AIDS discriminates because we discriminate

Published: November 2, 2010

AIDS discriminates because we discriminate.

With these five words, AIDS Free World hope to cause people to pause and ask themselves:

Why does HIV tend to infect certain people rather than others? Why are rates so high among people in eastern and southern Africa? Among people, especially women of colour in rich countries? Among men who have sex with men? Among people who survive by leasing their bodies to strangers with money to spare?

HIV seems to select the very people who are already living at a disadvantage – the millions of people whose levels of poverty make the wealthy feel uncomfortable, or whose methods of coping make the privileged squirm. Is the virus programmed to leave the mainstream alone, and find the people societies have pushed to the edges, forced to the fringes, shoved underground, rounded up and driven out of sight?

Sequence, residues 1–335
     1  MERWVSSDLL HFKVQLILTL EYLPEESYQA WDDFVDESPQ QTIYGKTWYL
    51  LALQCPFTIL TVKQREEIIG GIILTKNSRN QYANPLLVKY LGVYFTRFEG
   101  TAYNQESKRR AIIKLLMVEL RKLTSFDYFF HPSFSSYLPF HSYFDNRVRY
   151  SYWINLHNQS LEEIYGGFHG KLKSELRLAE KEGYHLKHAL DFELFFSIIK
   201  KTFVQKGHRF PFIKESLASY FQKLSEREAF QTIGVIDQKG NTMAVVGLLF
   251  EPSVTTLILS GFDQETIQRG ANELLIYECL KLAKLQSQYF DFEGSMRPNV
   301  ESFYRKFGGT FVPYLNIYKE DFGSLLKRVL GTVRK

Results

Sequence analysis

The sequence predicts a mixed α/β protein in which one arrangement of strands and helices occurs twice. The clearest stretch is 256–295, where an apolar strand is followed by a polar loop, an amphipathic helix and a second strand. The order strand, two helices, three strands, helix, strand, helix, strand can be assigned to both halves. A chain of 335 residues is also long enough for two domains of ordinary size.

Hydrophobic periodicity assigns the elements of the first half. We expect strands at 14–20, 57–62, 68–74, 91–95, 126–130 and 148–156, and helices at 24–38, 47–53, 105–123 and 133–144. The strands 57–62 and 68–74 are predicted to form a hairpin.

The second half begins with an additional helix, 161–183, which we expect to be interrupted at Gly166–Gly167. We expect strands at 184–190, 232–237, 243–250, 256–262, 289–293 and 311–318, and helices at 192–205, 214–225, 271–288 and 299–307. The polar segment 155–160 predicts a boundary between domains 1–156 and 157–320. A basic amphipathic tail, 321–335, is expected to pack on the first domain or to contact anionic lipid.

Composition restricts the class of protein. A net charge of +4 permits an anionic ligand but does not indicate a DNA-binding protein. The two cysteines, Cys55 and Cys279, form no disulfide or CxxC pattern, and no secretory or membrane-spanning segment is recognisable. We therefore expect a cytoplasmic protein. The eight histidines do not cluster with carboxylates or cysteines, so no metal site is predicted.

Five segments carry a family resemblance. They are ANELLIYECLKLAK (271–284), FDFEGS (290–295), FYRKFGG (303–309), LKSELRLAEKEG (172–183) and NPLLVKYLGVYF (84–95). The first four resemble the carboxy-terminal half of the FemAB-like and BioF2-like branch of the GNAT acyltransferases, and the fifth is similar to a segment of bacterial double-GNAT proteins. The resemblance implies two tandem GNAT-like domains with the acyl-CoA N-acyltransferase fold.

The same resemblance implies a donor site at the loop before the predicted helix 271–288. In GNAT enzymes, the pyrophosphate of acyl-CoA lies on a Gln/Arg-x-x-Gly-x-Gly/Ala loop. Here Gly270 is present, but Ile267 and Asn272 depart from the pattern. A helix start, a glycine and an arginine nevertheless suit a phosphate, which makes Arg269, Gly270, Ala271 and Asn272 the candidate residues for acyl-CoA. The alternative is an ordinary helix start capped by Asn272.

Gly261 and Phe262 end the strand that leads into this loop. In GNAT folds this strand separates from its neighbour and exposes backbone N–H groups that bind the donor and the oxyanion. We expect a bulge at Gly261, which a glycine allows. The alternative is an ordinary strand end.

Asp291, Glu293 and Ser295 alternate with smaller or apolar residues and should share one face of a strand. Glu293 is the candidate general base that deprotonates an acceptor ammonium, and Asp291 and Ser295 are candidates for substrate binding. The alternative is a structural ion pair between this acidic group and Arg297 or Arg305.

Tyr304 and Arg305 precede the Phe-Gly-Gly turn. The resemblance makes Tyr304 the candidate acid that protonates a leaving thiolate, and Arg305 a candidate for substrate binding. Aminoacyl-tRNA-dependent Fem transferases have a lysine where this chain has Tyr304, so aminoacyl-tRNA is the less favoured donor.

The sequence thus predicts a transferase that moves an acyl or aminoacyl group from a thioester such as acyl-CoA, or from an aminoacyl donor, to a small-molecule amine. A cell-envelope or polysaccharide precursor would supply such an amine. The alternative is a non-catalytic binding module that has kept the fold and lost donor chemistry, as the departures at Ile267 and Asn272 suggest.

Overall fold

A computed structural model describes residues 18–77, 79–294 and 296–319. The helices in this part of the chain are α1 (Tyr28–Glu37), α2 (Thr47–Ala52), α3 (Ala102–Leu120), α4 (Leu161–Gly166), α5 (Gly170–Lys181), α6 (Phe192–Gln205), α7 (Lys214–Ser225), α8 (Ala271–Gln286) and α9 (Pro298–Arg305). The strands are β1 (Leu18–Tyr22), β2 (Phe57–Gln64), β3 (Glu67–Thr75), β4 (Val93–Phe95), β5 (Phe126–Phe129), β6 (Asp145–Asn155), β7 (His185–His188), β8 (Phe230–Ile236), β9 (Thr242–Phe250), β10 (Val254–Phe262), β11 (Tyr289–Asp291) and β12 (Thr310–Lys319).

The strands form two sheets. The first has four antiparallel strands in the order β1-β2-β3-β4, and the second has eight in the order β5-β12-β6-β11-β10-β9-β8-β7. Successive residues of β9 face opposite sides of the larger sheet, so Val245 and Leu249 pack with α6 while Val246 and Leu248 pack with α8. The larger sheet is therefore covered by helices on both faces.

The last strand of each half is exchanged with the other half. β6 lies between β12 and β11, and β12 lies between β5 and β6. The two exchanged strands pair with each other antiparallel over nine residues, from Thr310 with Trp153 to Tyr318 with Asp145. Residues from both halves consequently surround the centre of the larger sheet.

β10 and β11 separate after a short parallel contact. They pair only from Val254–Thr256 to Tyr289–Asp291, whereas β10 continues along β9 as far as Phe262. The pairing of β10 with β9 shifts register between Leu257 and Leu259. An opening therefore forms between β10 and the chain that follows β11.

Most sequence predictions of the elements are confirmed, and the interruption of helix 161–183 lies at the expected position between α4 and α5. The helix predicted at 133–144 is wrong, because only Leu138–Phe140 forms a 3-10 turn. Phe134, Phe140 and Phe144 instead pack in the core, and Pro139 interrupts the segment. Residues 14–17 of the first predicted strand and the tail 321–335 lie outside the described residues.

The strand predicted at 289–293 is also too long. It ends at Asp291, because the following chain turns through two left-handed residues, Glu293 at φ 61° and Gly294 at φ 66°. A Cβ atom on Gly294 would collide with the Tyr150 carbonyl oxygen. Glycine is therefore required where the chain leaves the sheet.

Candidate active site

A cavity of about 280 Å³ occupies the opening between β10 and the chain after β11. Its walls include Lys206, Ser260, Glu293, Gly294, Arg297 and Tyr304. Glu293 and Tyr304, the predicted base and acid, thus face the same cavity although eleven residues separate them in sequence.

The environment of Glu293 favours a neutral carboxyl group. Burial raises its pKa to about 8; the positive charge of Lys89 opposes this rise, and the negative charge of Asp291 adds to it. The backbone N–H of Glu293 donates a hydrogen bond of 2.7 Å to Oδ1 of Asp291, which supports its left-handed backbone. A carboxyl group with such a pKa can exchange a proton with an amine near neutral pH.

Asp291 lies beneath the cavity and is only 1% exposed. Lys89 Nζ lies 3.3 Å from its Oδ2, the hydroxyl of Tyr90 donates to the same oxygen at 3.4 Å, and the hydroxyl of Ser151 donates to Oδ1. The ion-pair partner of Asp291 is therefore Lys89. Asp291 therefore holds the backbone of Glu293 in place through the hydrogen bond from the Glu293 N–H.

AIDS-Free World’s view of “high-risk groups” is this: women are at higher risk of HIV because they’re exploited, abused and oppressed. Africans are at higher risk because African poverty and disease pose no immediate threat to Western-world comfort.  Gay men are at higher risk because their lives are more likely to be judged and threatened. Sex workers are at higher risk because societies have always simultaneously demanded and demonized responsibility-free sex.  Prisoners are at higher risk because, deprived of water, food or personal safety, sex is all they have left to trade for survival. Drug users are at higher risk because addicts will always be criminalized by the ‘war on drugs’. Poor people are at higher risk because their friends, family members and lovers with HIV are deprived of drug treatment that could control their HIV and make them far less infectious.

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